[urban interfaces] Blogs
The Right to Public Musicking
– This article is part of the graduate seminar series The Right to the City 2018-2019 –
It is difficult to explain to my German musician peers the idea that in Groningen one cannot simply perform music in the street. The idea that taking up sonic space is restricted, is well-understood: it’s an unwritten rule that in cities, such as Hamburg, a musician may only play at a place if they are far away from any other street musician. Competing for sonic space means to compete for audience’s attention and consequently also their money.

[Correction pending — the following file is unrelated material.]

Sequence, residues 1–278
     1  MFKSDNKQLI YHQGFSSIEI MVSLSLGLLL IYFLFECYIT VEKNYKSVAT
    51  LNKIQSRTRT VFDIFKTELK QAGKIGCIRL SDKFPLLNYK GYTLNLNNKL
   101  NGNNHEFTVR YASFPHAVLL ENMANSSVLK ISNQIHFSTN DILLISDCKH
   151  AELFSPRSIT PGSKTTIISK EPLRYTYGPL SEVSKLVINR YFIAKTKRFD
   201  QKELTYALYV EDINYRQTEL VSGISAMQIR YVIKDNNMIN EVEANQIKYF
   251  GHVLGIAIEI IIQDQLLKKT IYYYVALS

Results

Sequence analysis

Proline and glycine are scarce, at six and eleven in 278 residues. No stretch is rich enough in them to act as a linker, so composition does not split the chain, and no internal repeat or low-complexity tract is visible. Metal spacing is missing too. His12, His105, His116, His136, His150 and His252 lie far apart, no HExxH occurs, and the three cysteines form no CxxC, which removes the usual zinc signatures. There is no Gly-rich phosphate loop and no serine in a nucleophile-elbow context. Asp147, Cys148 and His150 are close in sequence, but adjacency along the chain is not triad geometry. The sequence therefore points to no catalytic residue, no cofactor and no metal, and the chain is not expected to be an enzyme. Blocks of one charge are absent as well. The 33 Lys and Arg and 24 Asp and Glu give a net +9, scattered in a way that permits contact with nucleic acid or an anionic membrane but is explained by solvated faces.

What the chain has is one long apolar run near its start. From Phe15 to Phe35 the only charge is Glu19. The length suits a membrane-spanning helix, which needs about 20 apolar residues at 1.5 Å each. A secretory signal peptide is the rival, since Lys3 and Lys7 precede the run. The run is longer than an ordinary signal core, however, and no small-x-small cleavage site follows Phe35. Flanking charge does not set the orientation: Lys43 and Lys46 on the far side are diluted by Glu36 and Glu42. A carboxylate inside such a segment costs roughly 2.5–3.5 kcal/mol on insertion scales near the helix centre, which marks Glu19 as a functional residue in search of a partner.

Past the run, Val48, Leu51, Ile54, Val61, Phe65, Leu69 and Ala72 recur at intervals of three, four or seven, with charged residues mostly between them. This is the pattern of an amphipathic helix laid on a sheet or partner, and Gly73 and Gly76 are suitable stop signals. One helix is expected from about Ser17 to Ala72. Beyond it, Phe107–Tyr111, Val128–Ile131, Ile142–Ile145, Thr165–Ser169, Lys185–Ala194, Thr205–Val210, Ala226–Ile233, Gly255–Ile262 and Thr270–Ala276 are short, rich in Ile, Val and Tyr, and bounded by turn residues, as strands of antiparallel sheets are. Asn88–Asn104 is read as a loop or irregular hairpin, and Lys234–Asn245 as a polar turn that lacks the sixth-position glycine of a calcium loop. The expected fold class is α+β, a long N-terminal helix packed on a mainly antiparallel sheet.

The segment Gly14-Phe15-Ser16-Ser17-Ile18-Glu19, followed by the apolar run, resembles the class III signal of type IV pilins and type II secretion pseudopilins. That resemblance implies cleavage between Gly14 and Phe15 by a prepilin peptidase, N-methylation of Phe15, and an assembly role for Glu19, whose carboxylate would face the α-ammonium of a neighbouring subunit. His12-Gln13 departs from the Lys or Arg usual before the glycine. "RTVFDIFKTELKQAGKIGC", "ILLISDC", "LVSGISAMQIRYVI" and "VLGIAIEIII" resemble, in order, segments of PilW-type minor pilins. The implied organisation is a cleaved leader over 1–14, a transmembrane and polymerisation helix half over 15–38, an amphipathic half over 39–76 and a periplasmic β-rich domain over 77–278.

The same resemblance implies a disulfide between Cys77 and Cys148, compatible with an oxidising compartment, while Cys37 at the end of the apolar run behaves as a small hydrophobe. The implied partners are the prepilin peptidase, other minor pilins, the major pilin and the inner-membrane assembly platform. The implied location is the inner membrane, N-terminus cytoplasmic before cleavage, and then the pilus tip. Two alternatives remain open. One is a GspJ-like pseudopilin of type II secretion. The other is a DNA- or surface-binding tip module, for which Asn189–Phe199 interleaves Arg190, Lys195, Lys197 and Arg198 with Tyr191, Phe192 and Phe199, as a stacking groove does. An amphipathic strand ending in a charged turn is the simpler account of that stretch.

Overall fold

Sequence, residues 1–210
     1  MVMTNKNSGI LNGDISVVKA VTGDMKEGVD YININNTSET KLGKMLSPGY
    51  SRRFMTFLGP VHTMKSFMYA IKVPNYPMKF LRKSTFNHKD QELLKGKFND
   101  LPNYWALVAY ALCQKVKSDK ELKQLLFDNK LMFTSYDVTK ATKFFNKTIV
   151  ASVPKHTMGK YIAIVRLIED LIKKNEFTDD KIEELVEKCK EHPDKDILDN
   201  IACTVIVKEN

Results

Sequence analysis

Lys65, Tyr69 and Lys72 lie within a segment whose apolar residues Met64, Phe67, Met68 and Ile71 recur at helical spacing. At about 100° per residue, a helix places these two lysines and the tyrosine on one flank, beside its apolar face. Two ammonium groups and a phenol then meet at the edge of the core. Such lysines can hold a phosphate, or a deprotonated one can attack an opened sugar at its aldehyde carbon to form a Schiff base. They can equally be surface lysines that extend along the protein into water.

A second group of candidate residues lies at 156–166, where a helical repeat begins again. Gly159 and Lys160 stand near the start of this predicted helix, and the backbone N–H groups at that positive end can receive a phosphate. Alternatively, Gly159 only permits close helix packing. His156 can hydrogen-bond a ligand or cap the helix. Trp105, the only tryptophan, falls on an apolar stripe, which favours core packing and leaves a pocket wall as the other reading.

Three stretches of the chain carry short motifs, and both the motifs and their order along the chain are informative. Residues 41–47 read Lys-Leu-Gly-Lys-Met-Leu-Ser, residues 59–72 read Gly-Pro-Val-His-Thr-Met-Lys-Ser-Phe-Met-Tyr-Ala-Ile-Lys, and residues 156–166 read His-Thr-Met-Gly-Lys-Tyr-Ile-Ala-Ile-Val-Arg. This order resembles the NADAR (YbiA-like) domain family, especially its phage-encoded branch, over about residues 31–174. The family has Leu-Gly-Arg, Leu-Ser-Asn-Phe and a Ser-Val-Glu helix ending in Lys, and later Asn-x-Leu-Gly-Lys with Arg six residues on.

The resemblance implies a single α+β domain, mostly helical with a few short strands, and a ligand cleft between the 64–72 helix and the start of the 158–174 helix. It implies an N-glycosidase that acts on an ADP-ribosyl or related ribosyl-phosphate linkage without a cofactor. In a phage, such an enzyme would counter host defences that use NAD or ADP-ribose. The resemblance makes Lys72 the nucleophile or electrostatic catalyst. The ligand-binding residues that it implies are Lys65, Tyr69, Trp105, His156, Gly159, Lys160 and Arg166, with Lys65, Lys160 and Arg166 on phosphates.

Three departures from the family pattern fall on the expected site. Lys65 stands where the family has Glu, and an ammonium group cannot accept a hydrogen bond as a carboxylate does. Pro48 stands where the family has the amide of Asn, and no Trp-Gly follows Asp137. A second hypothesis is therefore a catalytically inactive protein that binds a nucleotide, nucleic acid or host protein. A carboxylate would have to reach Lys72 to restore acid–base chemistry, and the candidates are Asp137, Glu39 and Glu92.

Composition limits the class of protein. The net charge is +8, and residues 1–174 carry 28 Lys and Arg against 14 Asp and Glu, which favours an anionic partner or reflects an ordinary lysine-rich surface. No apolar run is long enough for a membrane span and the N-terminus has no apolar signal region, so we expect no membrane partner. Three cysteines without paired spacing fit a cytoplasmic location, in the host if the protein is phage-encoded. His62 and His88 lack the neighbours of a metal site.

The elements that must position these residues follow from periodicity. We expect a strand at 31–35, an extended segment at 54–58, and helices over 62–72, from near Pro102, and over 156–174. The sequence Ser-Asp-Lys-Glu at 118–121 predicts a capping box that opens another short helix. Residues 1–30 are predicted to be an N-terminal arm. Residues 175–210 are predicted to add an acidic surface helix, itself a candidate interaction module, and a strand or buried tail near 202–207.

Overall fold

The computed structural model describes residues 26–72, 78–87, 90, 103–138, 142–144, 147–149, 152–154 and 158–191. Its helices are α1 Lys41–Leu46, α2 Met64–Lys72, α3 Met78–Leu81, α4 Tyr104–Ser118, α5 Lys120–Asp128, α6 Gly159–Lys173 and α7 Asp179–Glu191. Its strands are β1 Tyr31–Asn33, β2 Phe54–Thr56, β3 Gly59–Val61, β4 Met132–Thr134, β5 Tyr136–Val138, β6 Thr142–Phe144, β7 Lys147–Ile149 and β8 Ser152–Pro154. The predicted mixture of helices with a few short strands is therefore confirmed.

Physical and sonic space are resources that street musicians compete for on a daily basis in German cities – law and public policy professor Sheila Foster (2011) names these “tangible and intangible […] collectively shared resources” urban commons (58). Competition to these commons in Hamburg are not regulated by municipal law, but rather they are implicitly and collectively managed. Unlike Foster’s discussion of the concept of collective resource management (62), Hamburg’s street musicians rarely needs support from the city’s law enforcement. One may try to explain this by pointing at the affordance of Hamburg’s shopping streets: they are endlessly long, endlessly broad and endlessly well-visited. In other words, the demand for sonic spaces by musicians is justly met by the supply the city’s infrastructure offers.